Thanks to more advanced technology, today’s cars contain high-level systems with various sensors that keep engines cool and running efficiently in any season. However, despite such modern sophistication, your car can still become overheated. Whether a gasket has sprung a leak or stop-and-go traffic (on a balmy summer day) stresses your vehicle’s engine, a perfect storm of circumstances can lead to disaster.
Fortunately, keeping up with routine maintenance can prevent many of these issues, but in the event of an excessively heated car, here are a few ways to stay safe and prevent extensive damage.
Keep a Safety Kit Handy
It never hurts to be prepared for the worst, and in this case, that means having a bag on hand with a few key items: a towel (that you don’t value…it might get dirty), several quarts of motor oil, heavy-duty gloves, a gallon of coolant, and a basic toolkit. You’ll use some of these items for the next steps.
Pull Over Safely
Avoid crossing four lanes or panicking in bumper-to-bumper traffic. Instead, if you see smoke coming from your hood, slow down cautiously and look for a spot out of the way to begin the cooling down process. At this point, you should also consider calling roadside assistance for more help.
Engage the Heater
Crazy as it sounds, starting the heater inside the cabin pulls heat away from the engine. Sometimes, this step might be all it takes to regain your car’s internal temperature balance.
Wait, Wait, Wait
If you don’t feel comfortable calling for professional help and you’d rather wait it out, sometimes giving your vehicle about 15 minutes to recover can be all it takes to get the system righted again. Note: always keep the hood closed. Your car’s internal temperature has reached unsafe levels, and in some cases steam or water can spray as the hood opens.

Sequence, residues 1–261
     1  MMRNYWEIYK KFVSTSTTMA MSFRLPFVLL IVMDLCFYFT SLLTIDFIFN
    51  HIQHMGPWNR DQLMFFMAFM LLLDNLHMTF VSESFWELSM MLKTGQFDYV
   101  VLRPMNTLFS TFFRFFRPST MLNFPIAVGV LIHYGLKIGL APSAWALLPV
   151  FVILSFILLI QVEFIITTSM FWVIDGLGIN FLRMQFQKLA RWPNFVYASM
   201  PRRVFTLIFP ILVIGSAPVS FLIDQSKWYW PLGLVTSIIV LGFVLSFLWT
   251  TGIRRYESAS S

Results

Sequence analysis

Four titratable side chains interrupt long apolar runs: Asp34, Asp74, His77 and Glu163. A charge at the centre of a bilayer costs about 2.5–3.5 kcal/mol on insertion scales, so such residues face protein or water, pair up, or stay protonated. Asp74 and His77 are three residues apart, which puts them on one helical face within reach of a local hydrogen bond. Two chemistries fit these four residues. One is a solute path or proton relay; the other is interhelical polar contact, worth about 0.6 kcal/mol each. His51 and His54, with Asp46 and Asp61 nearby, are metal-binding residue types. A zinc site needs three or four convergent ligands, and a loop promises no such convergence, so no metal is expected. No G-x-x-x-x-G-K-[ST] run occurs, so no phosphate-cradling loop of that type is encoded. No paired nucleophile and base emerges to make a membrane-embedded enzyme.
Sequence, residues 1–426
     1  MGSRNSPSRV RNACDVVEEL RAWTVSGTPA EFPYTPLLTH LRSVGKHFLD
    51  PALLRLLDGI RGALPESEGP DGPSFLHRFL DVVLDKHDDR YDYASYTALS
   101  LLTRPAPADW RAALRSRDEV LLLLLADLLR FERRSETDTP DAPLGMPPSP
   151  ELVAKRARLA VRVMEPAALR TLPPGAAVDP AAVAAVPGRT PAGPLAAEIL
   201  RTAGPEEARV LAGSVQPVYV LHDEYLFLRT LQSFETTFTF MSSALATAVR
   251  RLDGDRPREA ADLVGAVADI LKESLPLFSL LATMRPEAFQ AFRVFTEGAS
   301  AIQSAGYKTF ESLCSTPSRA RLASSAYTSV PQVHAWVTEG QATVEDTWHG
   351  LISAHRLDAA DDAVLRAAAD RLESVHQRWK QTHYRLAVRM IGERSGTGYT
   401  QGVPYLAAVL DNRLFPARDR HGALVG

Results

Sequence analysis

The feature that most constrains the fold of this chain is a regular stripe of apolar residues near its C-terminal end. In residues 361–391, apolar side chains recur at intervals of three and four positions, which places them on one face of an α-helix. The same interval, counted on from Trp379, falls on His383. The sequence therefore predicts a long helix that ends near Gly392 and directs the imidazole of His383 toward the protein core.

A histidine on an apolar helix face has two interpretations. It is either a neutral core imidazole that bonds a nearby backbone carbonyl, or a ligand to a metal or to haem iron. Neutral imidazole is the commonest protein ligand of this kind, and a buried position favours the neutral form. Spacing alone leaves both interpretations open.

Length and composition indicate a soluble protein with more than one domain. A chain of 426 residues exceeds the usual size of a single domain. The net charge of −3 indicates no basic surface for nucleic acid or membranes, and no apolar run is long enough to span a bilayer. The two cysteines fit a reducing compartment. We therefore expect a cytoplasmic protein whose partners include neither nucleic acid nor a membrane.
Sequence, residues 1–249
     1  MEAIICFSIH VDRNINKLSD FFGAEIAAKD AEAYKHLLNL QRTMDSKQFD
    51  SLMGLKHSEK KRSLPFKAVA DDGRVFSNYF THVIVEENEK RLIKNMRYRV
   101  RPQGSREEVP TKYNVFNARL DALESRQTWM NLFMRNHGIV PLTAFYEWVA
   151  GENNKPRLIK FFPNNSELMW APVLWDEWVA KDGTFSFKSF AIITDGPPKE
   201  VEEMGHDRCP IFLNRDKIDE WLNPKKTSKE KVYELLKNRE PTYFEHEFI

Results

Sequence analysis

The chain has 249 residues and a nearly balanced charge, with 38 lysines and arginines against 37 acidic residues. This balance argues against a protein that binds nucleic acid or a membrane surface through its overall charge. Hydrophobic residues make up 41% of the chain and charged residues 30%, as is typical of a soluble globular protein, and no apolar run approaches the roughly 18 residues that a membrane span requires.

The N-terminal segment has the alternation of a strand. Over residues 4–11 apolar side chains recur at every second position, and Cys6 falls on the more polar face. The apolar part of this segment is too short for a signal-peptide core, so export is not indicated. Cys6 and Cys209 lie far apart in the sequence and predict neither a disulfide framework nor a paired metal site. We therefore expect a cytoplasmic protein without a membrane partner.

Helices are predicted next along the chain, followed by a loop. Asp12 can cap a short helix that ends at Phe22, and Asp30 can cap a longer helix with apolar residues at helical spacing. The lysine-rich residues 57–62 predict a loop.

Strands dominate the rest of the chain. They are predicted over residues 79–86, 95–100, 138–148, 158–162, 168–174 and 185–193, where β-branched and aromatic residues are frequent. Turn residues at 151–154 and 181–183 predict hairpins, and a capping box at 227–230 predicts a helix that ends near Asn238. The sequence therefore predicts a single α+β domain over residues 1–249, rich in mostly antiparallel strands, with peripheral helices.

If turning on the heater didn’t do the trick and you’ve waited at least 15 minutes for things to cool off, give the hood a quick test tap to make sure it isn’t scorching. When it feels safe, get the heavy-duty gloves on and open the hood.
Next, find the radiator cap (the owner’s manual will tell you where it is) and, using the towel, push down lightly on the cap before turning it to release pressure that has built up as the coolant expanded. Remove the cap and add coolant until it hits the “full” line. For best results, add coolant to the plastic overflow reservoir on the side of the radiator, as well.
After you’ve replaced the coolant, reapply the cap and turn on the engine. If the temperature gauge says normal or the warning light turns off, your engine should be sufficiently cool. Even so, proceed with caution.
Head to the Nearest Service Station
Although adding coolant has gotten you this far, it doesn’t speak to the underlying issue that led to overheating. To answer that question, a trained technician should inspect the vehicle’s cooling system and engine.
For all your vehicle’s maintenance and repair needs, call Fairfax Auto Repair at 703-822-5911 and schedule an appointment today!